• Balance Power: Often during the negotiation process the buyer will make attempts to shift the power scales in their direction. Think point three provides specific examples of the various styles of buyer tactics, and is a useful reference tool for identifying the category of buyer with whom you are negotiating. The main point of balancing power is to assess the current distribution of power and respond accordingly. Begin by asking yourself, how is power distributed in this relationship? If the buyer has more power in the relationship, implement some of the counter tactics described below in think point four. The ideal state is a balanced equilibrium of power between buyer and seller.
  • Maintain Power: Often time inexperienced negotiators give away power without realizing the harmful effect of their actions. Making a statement such as, "we are willing to negotiate" may diminish your power by inviting the buyer to engage in a series concession requests that may have not otherwise occurred. Protect the power that you own and be careful what information you share.

Think Point #3: Recognize Buyer Tactics

Both the buyer and the seller can leverage their power within the negotiation. Hansen's work specifically focuses on the sales-side of negotiation, and provides specific techniques to overcome buyer tactics of power leverage. To effectively counter such tactics, it is essential to first understand the types of buyer tactics. Hansen divides buyers into one of three categories and describes the strategies that they use to inflate their own power and diminish their opponent's power as follows:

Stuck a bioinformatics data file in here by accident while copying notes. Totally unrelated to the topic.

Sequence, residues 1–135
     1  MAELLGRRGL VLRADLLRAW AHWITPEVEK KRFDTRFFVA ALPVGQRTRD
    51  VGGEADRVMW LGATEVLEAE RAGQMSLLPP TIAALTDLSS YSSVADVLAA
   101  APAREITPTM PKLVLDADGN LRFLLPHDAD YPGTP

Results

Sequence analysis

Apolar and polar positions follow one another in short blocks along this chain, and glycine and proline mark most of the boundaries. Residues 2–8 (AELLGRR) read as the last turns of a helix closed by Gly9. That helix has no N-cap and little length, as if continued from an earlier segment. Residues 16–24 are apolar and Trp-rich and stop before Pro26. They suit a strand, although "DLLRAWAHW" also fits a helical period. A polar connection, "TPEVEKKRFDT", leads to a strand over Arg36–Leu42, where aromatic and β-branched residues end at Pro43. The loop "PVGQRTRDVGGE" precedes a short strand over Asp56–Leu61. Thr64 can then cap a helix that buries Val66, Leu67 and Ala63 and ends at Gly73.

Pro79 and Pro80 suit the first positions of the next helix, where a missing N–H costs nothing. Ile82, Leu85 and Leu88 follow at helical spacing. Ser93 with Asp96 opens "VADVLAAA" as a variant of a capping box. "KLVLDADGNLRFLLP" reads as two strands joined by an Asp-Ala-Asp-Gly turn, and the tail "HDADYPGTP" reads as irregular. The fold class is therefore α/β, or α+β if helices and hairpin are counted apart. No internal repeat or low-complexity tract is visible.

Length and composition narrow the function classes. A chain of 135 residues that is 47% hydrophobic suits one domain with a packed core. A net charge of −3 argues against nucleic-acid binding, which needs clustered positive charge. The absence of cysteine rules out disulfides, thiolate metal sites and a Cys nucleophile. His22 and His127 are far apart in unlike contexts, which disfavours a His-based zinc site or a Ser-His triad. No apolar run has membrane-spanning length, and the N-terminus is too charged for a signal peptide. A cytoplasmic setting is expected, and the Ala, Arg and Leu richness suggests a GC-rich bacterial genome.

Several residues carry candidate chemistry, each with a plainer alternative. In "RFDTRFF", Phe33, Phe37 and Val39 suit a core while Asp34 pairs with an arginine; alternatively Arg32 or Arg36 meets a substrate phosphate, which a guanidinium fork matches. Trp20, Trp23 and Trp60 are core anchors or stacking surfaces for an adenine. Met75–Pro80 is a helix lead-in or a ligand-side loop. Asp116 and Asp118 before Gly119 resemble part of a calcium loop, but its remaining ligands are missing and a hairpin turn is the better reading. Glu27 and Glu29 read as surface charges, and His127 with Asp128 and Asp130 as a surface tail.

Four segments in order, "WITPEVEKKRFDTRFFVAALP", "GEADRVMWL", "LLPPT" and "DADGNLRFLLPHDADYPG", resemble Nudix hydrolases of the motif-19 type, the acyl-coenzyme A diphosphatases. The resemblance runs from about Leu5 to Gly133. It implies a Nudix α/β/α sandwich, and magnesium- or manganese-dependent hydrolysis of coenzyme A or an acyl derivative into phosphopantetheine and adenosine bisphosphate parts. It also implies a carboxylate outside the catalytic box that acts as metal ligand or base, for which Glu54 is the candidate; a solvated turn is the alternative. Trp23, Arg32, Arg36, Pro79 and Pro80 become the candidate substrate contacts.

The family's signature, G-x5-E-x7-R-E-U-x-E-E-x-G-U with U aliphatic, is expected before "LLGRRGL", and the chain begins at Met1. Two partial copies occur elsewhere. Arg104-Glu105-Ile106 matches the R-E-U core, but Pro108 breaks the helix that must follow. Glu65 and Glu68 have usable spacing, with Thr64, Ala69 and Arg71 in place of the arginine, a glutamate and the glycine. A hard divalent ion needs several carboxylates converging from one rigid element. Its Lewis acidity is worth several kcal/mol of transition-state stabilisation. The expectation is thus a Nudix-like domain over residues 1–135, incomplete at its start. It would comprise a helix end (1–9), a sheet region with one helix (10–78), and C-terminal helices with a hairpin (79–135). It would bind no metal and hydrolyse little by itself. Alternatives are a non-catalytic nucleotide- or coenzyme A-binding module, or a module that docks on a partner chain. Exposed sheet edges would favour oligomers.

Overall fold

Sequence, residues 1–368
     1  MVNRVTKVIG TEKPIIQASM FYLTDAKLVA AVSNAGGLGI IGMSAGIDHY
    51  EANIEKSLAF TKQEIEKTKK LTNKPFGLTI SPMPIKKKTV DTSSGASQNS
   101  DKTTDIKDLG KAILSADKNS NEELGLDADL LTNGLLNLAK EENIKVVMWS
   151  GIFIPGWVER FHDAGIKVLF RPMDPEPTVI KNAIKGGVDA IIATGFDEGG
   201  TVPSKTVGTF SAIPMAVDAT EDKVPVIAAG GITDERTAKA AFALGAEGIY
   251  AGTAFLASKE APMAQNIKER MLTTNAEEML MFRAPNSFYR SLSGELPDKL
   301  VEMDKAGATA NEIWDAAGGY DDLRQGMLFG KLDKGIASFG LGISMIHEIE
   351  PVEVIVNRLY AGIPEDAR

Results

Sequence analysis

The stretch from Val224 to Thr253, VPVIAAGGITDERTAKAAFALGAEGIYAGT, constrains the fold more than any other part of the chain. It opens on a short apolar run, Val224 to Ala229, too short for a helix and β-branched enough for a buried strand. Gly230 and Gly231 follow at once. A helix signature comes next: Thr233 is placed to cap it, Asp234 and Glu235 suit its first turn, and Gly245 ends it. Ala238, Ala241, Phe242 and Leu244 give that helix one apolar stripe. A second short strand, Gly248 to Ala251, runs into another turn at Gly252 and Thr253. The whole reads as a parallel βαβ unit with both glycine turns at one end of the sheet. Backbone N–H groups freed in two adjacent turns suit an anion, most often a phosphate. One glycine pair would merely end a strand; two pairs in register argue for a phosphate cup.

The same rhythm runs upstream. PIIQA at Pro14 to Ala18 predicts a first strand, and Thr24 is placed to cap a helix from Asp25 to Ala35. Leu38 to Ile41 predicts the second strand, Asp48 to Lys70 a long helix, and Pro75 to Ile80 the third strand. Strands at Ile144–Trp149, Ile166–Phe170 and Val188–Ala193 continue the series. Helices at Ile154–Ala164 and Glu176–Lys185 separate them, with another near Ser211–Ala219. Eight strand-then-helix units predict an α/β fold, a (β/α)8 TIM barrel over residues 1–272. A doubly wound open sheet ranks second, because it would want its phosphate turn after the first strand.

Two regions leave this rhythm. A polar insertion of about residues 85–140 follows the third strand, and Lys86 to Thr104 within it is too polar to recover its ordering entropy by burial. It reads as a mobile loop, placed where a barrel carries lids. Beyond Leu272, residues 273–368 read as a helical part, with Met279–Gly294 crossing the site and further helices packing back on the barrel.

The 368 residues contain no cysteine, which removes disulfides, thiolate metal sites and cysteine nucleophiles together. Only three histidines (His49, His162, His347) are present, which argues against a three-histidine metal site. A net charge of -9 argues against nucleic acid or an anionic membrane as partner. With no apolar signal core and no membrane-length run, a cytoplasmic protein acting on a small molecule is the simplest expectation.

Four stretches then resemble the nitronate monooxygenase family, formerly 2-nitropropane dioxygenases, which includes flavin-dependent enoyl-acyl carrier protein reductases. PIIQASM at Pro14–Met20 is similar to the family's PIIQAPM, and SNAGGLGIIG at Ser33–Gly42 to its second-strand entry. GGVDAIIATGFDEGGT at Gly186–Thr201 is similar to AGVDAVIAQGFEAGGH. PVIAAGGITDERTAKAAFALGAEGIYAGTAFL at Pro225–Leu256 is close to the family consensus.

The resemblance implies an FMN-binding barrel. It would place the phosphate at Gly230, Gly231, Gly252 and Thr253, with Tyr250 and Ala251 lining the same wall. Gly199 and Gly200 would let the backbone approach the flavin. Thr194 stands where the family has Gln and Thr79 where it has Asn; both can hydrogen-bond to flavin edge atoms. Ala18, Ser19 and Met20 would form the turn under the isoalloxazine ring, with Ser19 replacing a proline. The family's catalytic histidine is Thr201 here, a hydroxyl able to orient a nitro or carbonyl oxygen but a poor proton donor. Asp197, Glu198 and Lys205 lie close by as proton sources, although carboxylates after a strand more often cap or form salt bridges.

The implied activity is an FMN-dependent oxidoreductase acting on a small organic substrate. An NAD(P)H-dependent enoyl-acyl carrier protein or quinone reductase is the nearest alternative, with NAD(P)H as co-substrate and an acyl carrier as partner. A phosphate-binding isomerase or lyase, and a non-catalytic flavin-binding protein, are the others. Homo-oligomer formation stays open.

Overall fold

• Hard Negotiators: These negotiators are not afraid of conflict and will implement their emotions as well as attempt to manipulate yours in order to reach an outcome that is most satisfactory for themselves. Specific tactics of these negotiators include making outrageous demand or ultimatums, pretending anger, or playing "good guy, bad guy."
  • Calculating Buyers: The calculating buyer is one who is often more introspective and tends to be more reserved than the hard negotiator. Their source of power is often derived from attempting to either outlast the buyer or outsmart the buyer. Specific strategies such a negotiator may implement include displaying a selective memory, conveniently forgetting agreed-upon terms, continually offering "what if" scenarios to catch you off guard and remaining silent on a particular issue to wait for you to make the first move.
  • Soft Bargainers: Soft bargainers also tend to manipulate emotions, but from a positive, rather than negative, stance. Instead of trying to catch you off guard with anger, they will try to develop an emotional bond with their opponent in order to make it more difficult to remain true to their best deal. Tactics that these categories of negotiators often implement include evoking your sympathy, trying to create an atmosphere of "being fair" and using flattery to gain concessions.
  • Think Point #4: Initiate Counter Tactics

    In response to the identified buyer tactics, sellers have a variety of techniques at their disposal to counter such threats to the negotiation success. The first step is to identify what type of negotiator you are dealing with and then respond accordingly. Hansen states that strategic negotiators implement the following process: